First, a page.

Enrollment management offices at independent schools around the country are planning for a return to more traditional admissions programming for fall 2021. It’s a welcome relief from the challenges of marketing your school and engaging visitors during a global pandemic.
For every school and enrollment management office that changed its process in 2020 and 2021 – and changed it again, and then again – the return this fall to a more familiar process brings excitement and relief. It also brings an opportunity to rethink your marketing strategy.
There are great take-aways from pandemic admissions that every school needs to examine. To create your most strategic and resilient enrollment management marketing plan, ask yourself these three questions:
What worked well, didn’t work well and what pandemic programming should continue?
Dive deep into what you did for admissions programming, events and programming and enrollment management outreach and processes since the start of the pandemic. Many of the necessary pivots to virtual or hybrid programming and processes shouldn’t be discarded now.
Every school approached it’s pandemic admissions differently, but every school will find things that were unexpectedly good and effective and should be part of its outreach moving forward.
Use the data and a series of questions to drill down:
- What were your attendance numbers for every virtual event?
- How does this compare with in-person events if you did them last fall and this spring? With in-person events pre-pandemic?
- What events required an outdoor shift that were effective and can continue in that format?
- What creative programming did you put in place out of necessity that should continue?
- Did your pandemic programming include a first-ever focus on specific interests like sports, the arts or STEM? What was the reaction?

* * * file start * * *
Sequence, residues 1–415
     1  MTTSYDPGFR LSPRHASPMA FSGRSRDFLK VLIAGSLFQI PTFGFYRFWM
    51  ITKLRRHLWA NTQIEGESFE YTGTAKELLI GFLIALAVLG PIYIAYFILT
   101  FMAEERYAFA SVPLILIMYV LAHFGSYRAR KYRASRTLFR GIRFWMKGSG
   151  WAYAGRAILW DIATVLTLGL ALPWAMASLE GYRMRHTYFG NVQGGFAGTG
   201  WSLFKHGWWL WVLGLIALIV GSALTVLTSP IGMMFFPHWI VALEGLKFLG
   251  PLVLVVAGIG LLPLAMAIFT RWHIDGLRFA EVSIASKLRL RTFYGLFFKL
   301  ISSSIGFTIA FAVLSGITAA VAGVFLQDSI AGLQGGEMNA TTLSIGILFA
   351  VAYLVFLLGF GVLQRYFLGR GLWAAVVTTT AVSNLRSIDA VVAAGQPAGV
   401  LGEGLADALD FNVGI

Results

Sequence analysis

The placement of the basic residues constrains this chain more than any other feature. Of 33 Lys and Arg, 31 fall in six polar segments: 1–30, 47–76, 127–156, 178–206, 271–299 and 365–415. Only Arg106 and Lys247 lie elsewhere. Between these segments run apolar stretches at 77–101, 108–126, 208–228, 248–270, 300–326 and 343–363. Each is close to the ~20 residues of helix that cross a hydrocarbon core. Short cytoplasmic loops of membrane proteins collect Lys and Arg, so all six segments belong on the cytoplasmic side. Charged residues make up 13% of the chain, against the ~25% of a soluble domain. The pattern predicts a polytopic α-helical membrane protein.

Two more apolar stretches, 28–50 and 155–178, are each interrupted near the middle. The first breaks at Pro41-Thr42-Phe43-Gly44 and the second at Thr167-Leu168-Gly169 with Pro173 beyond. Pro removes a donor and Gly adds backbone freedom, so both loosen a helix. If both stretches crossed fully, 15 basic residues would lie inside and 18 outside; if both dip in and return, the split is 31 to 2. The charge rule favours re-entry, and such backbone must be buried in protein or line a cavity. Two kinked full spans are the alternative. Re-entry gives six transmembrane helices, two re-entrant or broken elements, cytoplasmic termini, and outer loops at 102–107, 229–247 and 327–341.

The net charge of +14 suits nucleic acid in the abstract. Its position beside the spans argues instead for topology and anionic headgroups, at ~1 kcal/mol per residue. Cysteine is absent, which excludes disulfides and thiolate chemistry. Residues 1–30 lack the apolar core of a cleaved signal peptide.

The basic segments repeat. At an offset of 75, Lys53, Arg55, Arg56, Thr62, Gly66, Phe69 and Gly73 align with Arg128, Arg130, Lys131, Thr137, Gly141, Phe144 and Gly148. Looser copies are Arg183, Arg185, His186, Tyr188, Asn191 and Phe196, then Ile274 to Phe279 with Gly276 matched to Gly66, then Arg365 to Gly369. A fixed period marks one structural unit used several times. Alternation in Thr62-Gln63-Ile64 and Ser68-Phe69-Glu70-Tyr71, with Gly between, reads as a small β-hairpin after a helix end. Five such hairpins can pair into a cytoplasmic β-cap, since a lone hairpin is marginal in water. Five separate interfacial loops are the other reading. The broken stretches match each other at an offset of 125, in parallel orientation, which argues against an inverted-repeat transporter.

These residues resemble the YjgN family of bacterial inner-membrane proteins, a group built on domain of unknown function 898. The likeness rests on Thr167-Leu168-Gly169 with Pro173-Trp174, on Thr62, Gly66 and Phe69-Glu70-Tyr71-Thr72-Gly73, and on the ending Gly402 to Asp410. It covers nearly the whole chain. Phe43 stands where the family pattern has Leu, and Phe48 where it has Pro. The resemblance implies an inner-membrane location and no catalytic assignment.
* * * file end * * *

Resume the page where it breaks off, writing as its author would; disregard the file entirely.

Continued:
- What creative elements did you offer during the pandemic? Virtual shadow days? Mailing STEM kits to prospective students with a small-group Zoom session with a lower school science teacher to put them together? What were the results/reactions?
- Great way to gather more data: Consider phone or email surveys to those families who are newly enrolled who experienced your pandemic admissions programming. Gather anecdotal data on what they thought was effective and should (and should not) continue.
If, in a non-pandemic situation, you have five in-person fall information events, why not make one or two Zoom evening events? If last year, you had 15 families to an in-person, social-distanced event but had 70 register for an online program – and nearly all stayed through the hour-long program — that was a successful program.
Keeping some virtual events is convenient for your prospective audiences and your internal community (faculty, staff and current parent, student and alumni ambassadors who volunteer at these events). Families will appreciate the option to participate from home, in the evening, without the hassle of travel or finding a babysitter. And everyone is comfortable with Zoom by this point. If you put the recording of the session as on-demand content on your admissions page, you’ve offered yet another prospect-centered resource.
As schools open back up, there may be COVID-related safety restrictions. If your dining hall is not opening for safety reasons this fall, carefully explain to potential visiting families how that will affect shadow days. Is there another way to show potential visitors the excitement of your school community? What about an information session before an athletic event with an invitation to stay for the game, complete with a bag of snacks and spirit gear? It’s a great way for prospective families to get a feel for your community in an outdoor event.